I kept looking for the mountains as I knew them from growing up in Colorado, but they didn’t look anything like that. Finally, just outside of Sparks/Reno they came into view, still with plenty of snow. Suddenly we were in the mountains, with coniferous trees all around, and going down the pass. We had now crossed into California, and the the ride down the west side of the Sierras was a little hair raising. There was some road work in progress, and suddenly the entire westward lane came to a complete stop. I’m not real keen about stop and go traffic on a 6% grade.

Had the traffic been a little less busy, we would have stopped at the rest area for some good pictures and a snowball fight. Those of you in the Eastern U.S. will laugh, but we South Dakotans think the traffic out here is insane!

Once we exited the Sierras, we were suddenly in a wide valley, filled with all sorts of crops. The photo I successfully caught was grapes. Since this is not the valley famous for its wine, I am guessing these were grapes for juice, jam, etc. but I don’t know for certain. We started into another set of hills which really shocked me, because they are totally brown! DH explained that California lost its native grasses long ago, and now only have annuals. Their season is already over, so they have already gone dormant. It also explained how wildfires get out of hand so quickly in this country! The hillsides were filled with windmills.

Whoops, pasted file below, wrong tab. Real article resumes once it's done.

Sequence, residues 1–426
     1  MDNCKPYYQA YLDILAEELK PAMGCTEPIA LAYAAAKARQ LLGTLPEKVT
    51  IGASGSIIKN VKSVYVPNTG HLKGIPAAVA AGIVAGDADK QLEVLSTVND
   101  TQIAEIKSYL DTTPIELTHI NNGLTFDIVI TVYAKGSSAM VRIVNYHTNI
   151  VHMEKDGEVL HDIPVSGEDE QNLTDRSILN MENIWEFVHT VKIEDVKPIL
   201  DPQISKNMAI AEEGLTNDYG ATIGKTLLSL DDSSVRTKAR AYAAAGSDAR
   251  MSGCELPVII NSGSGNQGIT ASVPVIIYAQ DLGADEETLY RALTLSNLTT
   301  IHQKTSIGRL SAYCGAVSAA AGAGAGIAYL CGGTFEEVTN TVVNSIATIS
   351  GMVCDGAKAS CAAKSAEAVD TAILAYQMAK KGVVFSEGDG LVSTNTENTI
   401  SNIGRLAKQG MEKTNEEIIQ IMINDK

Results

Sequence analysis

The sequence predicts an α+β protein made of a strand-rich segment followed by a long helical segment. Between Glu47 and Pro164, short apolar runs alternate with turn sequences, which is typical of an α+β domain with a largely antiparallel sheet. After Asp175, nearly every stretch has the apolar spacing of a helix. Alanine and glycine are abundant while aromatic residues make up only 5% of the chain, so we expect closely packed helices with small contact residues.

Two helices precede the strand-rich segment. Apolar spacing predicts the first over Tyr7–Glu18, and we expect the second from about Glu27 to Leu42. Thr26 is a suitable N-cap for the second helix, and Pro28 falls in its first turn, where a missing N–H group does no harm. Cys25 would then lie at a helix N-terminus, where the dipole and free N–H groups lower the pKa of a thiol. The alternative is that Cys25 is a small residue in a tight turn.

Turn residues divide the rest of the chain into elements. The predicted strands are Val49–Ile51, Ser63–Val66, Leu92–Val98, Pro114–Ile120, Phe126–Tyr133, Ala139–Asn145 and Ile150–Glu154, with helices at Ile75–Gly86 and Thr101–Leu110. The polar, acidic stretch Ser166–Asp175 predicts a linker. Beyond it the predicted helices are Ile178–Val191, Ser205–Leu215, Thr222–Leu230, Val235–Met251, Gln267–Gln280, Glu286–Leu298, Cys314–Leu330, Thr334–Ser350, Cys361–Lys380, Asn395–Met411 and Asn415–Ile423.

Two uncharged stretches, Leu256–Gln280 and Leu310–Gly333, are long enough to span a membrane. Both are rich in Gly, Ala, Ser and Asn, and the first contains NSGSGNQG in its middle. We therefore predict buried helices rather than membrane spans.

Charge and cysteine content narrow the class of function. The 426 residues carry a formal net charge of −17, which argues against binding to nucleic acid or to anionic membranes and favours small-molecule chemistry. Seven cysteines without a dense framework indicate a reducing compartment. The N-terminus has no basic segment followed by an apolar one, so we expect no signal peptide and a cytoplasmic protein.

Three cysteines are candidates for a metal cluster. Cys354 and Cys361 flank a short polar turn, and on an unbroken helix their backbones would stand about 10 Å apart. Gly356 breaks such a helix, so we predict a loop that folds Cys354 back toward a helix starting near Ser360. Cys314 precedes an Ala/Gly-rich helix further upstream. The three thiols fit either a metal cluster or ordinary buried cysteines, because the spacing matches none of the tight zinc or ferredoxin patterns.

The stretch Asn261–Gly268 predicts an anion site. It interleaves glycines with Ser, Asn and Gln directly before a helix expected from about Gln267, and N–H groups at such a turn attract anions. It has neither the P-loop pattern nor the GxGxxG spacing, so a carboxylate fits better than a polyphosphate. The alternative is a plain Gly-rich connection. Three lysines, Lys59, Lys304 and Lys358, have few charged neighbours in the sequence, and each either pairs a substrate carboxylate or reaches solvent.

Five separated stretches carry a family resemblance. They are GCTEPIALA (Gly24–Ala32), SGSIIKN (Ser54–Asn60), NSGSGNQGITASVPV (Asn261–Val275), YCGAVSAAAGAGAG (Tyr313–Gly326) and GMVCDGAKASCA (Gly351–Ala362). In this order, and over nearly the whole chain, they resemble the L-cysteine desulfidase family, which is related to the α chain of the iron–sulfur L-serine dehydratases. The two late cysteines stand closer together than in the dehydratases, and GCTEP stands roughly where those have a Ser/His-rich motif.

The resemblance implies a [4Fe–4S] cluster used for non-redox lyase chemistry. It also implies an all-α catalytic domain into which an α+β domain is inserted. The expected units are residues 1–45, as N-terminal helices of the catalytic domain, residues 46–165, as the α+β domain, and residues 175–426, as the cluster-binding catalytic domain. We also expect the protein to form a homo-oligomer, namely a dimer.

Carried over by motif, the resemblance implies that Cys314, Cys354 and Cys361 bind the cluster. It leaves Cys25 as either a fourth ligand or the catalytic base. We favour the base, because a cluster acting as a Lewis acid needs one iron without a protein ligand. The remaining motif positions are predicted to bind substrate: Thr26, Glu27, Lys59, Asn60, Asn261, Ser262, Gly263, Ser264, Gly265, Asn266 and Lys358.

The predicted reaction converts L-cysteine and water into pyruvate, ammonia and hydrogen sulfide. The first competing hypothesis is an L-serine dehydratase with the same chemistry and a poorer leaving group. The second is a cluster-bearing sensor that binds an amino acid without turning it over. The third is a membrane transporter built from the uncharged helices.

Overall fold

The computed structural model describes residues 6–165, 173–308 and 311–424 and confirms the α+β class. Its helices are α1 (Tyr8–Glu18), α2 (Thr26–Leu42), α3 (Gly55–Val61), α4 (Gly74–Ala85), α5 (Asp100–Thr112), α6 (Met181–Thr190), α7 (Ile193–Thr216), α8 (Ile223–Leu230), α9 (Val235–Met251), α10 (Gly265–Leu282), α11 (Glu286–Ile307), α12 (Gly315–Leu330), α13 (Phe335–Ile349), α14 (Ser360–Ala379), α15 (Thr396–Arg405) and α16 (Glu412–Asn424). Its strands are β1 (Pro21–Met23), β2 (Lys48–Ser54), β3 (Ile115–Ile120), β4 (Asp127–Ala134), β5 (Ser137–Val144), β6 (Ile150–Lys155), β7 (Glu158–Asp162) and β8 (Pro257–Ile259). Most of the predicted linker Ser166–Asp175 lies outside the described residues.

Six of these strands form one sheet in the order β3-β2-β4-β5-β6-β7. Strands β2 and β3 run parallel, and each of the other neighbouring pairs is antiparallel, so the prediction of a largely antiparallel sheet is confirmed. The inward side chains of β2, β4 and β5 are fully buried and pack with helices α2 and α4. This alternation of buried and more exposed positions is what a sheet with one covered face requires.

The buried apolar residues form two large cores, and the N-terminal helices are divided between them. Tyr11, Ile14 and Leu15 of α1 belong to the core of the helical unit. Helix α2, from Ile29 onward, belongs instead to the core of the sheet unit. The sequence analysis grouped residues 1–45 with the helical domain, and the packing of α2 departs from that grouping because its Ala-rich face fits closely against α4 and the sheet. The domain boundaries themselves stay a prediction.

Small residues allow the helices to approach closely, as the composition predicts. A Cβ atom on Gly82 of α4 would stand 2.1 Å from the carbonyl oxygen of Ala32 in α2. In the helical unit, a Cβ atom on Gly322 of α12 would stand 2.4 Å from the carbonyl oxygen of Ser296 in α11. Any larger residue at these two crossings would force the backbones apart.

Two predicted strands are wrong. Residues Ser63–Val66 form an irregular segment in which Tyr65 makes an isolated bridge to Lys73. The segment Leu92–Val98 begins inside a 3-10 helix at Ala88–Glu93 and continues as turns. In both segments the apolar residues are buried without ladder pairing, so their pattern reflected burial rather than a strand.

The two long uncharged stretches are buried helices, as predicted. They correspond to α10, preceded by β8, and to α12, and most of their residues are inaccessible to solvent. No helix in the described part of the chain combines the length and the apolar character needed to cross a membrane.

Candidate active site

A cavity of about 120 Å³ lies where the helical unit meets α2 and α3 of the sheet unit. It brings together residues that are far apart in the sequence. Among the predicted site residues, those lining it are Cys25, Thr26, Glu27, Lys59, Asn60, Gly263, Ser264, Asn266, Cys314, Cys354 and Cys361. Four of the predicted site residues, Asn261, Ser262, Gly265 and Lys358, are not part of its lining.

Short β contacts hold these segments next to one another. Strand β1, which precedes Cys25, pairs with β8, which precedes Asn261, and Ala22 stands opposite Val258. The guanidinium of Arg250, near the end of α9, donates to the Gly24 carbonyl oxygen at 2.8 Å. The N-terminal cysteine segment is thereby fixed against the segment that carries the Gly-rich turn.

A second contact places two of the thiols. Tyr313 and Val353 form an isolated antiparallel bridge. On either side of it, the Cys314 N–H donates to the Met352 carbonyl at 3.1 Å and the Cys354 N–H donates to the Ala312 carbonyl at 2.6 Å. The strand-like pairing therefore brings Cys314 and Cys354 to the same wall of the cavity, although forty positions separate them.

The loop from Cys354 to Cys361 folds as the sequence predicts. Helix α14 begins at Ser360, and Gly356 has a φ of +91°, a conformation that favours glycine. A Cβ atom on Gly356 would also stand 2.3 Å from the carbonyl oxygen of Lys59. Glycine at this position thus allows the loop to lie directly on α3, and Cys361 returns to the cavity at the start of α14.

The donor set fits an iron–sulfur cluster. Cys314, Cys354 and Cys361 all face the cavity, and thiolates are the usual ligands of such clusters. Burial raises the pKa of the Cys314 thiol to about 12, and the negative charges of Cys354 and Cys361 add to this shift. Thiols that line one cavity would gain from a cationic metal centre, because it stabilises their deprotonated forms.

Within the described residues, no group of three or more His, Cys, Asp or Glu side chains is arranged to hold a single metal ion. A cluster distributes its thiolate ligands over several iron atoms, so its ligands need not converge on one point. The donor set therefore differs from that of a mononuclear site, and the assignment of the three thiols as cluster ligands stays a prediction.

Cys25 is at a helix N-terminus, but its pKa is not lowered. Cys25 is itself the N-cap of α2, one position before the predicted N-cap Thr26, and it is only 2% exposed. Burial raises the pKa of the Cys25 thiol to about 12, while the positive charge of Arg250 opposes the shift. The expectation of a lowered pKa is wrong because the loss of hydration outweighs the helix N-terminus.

While it wasn’t the same day, we’ll continue down to the ocean. I’ve seen the Pacific once in the late fall on a very cold and gray day, so seeing the ocean in June was a treat. I was surprised by the wind, it is constant and pretty strong. The sand was incredibly soft and warm which made up for the cool ocean breeze. It was a glorious day and the hour we spent there was wonderful! I found a few shells and a broken sand dollar as a memento. Watching the tide come in was fascinating!

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Again, these aren’t great photos, but they give you a flavor of our trip west. I get one more group up with some photos of the beautiful campus and things that amazed me.